Phil Edwards over at Vox has written a fun piece on the assassination of Julius Caesar on the Ides of March. Most of us know what we "know" about it from Shakespeare. Bad idea, says Edwards, and he shows why. His piece is appropriately titled "6 myths about the Ides of March and killing Caesar."
The whole thing is worth reading, and my favorite story was about the person who warned Caesar about his impending murder. But one thing that caught my economist's eye was Myth #2. The reason: it's consistent with the late Gordon Tullock's work on the economics of revolution.
Myth #2 is that "All the conspirators were idealists who wanted to restore Rome to the people." Edwards writes:
"I think politicians don't have a firewall between ideals and practical benefits," [Barry] Strauss [a Cornell classics and history professor] says. "They think what's good for the country is also good for themselves. The senators who joined the conspiracy against Caesar can sincerely say he was a threat to the republic and to them and their way of life."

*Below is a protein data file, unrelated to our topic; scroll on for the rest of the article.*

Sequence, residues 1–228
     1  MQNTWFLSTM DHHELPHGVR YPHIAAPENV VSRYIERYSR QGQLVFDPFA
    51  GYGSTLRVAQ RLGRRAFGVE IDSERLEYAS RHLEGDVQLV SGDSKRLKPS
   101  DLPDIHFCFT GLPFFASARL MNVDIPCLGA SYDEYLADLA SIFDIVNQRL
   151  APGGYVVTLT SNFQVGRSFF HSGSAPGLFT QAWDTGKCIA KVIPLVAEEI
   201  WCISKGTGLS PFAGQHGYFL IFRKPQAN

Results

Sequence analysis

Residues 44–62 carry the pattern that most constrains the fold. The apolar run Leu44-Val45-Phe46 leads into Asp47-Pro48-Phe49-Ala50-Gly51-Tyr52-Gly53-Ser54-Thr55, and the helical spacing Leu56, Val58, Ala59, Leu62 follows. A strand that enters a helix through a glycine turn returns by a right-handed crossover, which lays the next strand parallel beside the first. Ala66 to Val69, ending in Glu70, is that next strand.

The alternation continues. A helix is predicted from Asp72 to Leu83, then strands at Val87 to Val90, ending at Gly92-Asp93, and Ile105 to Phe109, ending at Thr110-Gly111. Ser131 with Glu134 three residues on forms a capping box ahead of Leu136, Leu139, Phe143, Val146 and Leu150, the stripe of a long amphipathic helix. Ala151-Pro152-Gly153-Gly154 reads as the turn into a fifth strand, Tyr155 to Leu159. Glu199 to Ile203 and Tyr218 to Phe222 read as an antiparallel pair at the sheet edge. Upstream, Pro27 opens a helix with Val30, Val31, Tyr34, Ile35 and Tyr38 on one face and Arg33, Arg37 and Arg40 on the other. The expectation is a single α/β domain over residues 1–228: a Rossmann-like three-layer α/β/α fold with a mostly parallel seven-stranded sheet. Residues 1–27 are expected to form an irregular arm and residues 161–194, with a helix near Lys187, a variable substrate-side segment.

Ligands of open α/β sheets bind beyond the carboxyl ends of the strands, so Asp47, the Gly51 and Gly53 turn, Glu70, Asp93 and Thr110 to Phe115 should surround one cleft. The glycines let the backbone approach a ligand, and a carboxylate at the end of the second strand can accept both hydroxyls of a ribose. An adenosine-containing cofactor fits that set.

Before Caesar, Roman nobility and military were free to plunder the provinces they ruled. But under Caesar, Rome controlled the process and sent inspectors to check up on everything, so they could only exploit their provinces under Caesar's supervision.
Here's my summary, in "Public Choice and Its Two Founders: An Appreciation," in Dwight R. Lee, ed., Public Choice, Past and Present, Springer 2013, of Tullock's work on the economics of revolution:
In it [his paper on revolution], he pointed out a simple but powerful insight: Any one person's decision to participate in a revolution does not much affect the probability that the revolution will succeed. Therefore, when each person considers participating in the revolution, the benefits he expects to be generated by the revolution are not much affected by his own decision to participate. This is true, noted Tullock, even for the most visible and influential participants. However, he added, a nasty government can individualize the costs very effectively by heavily punishing those who participate in a revolution. So, anyone contemplating participating in a revolution will be comparing heavy individual costs and small benefits that are simply his pro rata share of the overall benefits. Therefore, argued Tullock, for people to participate, they must expect some benefits that are tied to their own participation, such as a high-level job in the new government. Tullock noted that, in fact, the typical revolution involves many of the people who are actually in the government they are revolting against. This is evidence for his model, he explained, because such people are particularly well situated to replace the incumbent office-holders.